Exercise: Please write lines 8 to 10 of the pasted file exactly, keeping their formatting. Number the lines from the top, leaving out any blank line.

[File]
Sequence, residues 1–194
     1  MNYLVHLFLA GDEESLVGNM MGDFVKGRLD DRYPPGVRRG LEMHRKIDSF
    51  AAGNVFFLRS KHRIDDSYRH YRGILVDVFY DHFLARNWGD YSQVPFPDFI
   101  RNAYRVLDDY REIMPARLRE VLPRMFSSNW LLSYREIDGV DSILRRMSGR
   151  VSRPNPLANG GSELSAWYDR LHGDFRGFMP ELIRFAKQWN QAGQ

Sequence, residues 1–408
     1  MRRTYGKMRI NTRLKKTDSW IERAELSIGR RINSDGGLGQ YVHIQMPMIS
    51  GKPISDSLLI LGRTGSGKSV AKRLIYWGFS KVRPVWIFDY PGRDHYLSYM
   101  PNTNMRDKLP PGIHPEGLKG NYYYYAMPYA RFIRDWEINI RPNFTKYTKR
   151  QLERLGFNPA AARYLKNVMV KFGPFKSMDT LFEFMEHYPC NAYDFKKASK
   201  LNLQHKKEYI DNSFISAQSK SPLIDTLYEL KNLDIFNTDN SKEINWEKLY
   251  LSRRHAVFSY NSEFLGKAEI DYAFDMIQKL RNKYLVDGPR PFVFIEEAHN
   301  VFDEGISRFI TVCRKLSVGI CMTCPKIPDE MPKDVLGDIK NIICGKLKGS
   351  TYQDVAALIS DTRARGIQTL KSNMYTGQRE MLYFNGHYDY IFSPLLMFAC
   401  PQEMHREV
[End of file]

    51  GKPISDSLLI LGRTGSGKSV AKRLIYWGFS KVRPVWIFDY PGRDHYLSYM
   101  PNTNMRDKLP PGIHPEGLKG NYYYYAMPYA RFIRDWEINI RPNFTKYTKR
   151  QLERLGFNPA AARYLKNVMV KFGPFKSMDT LFEFMEHYPC NAYDFKKASK